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Mystery Touch: Shiatsu


When you are sad and someone gives you a hug, you somehow feel better. When you massage your temples after a long day of work, you inadvertently stimulate a pressure point that clears your vision and relaxes your eyes. When you have a headache, you hold your forehead and somehow feel relief.

This magical response to touch is to the basis of shiatsu—a form of Japanese therapy designed to stimulate the body’s inner ability to heal itself. The Japanese word shiatsu translates to ‘finger pressure,’ so, naturally, shiatsu therapy entails applying manual pressure to specific areas of the body, to assess and treat a variety of conditions.

It’s really all about balancing energy to achieve a healthy & harmonized state

The philosophy behind shiatsu therapy is that touch can balance energy flow throughout the body and retrieve its natural healing power. Practitioners of shiatsu believe the human body to have a network of pathways through which energy flows, with different parts of the body having their own level of energy. It’s really all about balancing energy to achieve a healthy and harmonized state, through kneading, rubbing, tapping and stretching—applied directly over the patient’s ‘energy pathways’.

No Pills Required

Ted Thomas, the Director of Sourcepoint Shiatsu Centre in Vancouver, and the Creator of the Shiatsu Therapy Program at Langara College, has been practicing shiatsu since 1984. He describes shiatsu as a unity between body, mind and spirit—a dynamic form of meditation between two people who are sharing and exploring their energy at the same time. Thomas says, “It’s not like I take my energy and give it to someone. It is more sharing and communicating back and forth between my patients and me. I relax, watch my posture and breath, and let the rest happen by itself.” Shiatsu works best when the practitioner follows the breathing rhythm of applying pressure on the exhale, and releasing on the inhale. Also, pressure is applied using the whole body, which has stronger impact than pushing with only the hands and thumbs.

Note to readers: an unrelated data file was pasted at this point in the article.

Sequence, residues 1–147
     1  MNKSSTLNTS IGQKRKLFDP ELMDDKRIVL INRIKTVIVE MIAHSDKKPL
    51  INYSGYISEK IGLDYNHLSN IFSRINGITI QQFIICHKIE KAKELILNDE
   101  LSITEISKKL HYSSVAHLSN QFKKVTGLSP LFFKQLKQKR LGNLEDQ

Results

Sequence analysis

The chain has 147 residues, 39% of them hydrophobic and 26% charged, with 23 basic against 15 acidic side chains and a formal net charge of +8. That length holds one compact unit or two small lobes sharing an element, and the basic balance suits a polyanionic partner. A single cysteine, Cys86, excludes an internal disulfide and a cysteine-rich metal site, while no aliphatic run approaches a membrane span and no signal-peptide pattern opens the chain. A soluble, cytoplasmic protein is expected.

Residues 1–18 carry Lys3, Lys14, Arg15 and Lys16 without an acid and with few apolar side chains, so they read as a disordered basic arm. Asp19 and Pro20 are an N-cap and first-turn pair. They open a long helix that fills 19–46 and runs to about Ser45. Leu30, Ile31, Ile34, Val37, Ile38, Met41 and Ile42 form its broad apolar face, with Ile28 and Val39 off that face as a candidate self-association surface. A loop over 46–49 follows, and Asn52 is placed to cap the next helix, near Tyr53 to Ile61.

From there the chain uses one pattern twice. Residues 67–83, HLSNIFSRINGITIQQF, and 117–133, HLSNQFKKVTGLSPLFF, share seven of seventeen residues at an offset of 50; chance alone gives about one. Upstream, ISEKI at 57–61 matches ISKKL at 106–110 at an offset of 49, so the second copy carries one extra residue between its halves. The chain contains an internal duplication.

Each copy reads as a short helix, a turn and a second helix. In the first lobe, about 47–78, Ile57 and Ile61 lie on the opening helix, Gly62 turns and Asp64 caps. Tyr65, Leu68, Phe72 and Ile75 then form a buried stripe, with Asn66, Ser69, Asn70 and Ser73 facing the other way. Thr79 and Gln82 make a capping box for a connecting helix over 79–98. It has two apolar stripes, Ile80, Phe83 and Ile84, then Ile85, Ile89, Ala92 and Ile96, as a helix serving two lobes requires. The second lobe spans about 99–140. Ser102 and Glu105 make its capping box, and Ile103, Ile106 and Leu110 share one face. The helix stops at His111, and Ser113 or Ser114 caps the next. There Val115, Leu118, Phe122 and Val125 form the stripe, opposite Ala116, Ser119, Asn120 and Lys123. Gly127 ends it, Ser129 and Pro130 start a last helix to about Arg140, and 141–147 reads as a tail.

“People seeking the help of shiatsu are most often looking for pain relief,” explains Thomas. The tools required for a shiatsu treatment are as simple as a pair of hands and a place to lie down. “All you really need is a cotton mat or a blanket and you have enough,” says Thomas.

Differing from conventional western medicine, shiatsu uses our own energy to unify the body. It tunes our inner intelligence and heals the causes, not the symptoms of our sickness. Healing with energy is difficult to believe because no one can see or touch it: it cannot be sold in a pill form or under a brand name by a pharmaceutical company. It is within us, powerful as life itself.

2008 Pacific Rim Cover, Closeup Portrait of Woman's Face.

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